Twenty-year-old Agnes Fubara had looked forward to a career as a news presenter. From an early age, she joined the editorial club in her school to prepare her for journalism. She dreamt of studying broadcast journalism at a university in Nigeria.
With excellent high school results, Fubara was on course. But tragedy struck just two weeks after her results were released. Her father, the breadwinner of the family, died, leaving a devastated daughter wondering how to raise money to accomplish her career in broadcasting.
Determined to succeed, she did menial jobs until a fateful day when she reconnected with an old school mate who would later mislead her. That schoolmate was, at the time, also trying to secure university admission but she had other ideas about how to achieve her goal.
Before long, Fubara, like her old schoolmate, began to trade sex for money. Those escapades ended in a pregnancy and have now left her in an even more vulnerable position. She accepted a neighbour’s suggestion that after having her baby, she could migrate to Europe where she could still actualise her dreams.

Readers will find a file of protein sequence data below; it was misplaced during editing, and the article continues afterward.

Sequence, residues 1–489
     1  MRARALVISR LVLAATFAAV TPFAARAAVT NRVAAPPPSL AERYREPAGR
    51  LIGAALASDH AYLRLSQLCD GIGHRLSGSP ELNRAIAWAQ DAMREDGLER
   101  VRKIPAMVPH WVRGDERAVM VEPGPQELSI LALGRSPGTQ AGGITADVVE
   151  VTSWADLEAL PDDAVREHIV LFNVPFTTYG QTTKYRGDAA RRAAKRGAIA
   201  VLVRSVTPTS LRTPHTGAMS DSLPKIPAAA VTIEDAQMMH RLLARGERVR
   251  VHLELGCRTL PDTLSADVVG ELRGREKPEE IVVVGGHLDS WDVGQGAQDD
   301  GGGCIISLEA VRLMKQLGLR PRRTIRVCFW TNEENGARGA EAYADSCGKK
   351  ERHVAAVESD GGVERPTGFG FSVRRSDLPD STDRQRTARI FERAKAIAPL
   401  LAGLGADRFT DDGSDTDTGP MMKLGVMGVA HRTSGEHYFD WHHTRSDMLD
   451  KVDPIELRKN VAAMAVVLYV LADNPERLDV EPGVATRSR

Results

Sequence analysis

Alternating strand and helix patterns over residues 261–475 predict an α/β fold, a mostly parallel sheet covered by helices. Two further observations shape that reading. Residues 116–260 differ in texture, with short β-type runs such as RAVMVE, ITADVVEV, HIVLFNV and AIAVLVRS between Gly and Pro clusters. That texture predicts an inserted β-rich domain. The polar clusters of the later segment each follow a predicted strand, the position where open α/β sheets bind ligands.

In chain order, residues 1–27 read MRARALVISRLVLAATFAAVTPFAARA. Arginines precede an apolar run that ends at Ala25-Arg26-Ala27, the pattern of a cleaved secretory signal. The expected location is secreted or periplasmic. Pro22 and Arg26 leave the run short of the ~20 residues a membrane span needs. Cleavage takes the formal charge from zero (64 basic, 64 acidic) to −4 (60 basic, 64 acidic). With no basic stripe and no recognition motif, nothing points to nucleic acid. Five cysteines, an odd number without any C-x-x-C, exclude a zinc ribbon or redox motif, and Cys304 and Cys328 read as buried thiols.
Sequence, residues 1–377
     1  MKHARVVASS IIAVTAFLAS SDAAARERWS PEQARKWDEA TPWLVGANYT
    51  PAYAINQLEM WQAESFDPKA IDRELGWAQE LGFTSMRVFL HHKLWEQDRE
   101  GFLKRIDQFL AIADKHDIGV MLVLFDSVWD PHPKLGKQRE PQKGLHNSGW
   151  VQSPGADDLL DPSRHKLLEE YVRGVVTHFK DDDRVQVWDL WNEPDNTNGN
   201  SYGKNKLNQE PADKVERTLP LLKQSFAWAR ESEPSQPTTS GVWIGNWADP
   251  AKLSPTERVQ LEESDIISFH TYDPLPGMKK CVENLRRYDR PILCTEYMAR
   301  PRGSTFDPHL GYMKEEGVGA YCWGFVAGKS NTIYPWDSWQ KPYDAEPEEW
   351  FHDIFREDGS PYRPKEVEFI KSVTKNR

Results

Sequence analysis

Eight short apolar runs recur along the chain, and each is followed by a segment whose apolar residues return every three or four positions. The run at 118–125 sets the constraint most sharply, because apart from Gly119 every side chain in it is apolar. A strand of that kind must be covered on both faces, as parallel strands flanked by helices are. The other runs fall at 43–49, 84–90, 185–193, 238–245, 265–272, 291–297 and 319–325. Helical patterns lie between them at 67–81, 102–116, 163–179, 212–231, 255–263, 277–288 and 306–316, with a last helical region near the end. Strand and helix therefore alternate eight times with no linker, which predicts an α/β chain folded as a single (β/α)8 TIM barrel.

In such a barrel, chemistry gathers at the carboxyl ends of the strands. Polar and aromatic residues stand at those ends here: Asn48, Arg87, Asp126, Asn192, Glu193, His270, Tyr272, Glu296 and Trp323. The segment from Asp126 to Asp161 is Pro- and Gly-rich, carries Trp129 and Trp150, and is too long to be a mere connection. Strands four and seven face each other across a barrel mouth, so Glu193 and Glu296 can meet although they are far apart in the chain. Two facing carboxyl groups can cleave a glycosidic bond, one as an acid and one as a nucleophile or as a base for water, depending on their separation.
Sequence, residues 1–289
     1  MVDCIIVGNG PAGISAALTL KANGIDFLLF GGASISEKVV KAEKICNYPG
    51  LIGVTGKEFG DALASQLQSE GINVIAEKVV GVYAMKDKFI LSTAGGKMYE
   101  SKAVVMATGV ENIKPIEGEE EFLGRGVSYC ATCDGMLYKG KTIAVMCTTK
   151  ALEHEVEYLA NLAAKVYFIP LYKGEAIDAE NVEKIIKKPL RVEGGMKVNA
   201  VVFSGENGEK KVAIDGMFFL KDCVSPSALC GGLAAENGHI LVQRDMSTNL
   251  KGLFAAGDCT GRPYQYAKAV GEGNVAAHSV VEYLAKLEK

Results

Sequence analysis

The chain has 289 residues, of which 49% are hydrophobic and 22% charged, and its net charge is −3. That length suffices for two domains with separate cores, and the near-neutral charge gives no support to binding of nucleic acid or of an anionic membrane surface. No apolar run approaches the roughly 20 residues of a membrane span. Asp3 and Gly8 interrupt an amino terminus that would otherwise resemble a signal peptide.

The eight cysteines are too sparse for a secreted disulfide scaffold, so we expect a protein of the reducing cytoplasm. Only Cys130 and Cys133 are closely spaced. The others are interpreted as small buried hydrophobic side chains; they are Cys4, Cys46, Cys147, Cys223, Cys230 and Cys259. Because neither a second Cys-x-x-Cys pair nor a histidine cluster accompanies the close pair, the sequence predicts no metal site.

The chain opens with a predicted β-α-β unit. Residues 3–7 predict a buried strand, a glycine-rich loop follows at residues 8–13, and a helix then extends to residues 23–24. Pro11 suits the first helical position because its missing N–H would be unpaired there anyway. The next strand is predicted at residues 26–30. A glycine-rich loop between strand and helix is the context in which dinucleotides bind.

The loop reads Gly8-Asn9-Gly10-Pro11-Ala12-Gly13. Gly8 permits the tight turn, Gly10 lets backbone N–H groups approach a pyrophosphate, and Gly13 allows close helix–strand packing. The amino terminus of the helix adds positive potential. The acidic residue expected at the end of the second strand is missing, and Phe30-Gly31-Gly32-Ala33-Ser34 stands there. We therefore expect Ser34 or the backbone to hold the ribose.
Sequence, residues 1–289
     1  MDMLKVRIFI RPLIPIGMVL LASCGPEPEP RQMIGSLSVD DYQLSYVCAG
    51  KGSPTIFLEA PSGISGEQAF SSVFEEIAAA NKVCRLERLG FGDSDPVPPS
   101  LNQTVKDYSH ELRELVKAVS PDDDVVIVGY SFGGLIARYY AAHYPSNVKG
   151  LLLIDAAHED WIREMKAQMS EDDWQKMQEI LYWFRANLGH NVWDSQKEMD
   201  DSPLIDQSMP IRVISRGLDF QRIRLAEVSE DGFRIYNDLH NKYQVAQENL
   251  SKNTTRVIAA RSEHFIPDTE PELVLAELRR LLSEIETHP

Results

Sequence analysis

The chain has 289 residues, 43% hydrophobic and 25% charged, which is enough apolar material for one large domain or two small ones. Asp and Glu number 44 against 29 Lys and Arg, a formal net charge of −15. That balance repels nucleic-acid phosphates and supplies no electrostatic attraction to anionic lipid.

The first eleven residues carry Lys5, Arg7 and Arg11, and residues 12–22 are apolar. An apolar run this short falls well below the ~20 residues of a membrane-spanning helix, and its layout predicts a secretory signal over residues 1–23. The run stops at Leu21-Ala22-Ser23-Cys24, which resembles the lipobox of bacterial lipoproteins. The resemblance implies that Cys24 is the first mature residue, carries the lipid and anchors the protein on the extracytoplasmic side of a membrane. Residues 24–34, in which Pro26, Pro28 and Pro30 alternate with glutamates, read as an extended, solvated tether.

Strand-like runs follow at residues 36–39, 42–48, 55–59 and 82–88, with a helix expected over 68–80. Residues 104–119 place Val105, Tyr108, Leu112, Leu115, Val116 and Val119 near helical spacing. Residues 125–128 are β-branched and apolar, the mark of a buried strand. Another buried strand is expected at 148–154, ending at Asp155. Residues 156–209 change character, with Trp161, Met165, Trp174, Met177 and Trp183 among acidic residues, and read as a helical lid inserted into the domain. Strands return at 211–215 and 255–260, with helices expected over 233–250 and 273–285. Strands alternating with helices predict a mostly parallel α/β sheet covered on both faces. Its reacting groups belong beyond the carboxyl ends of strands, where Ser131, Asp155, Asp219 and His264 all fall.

Fubara and her neighbour raised the needed money to embark on the first journey from Port Harcourt to Sokoto, despite the COVID-19 lockdown in Rivers State. Traffickers had scheduled their departure via a truck conveying food items, which were officially cleared for interstate travel during the lockdown.
According to her, the second leg of the trip was to be from Sokoto to Niger Republic and then to Libya, where she would be smuggled to Europe. However, she did not know that following a tip-off, an official of the National Agency for Prohibition of Trafficking in Persons (NAPTIP), had monitored and trailed them to Sokoto. She was rescued in Sokoto but her neighbour and other traffickers were arrested while trying to get to Libya.
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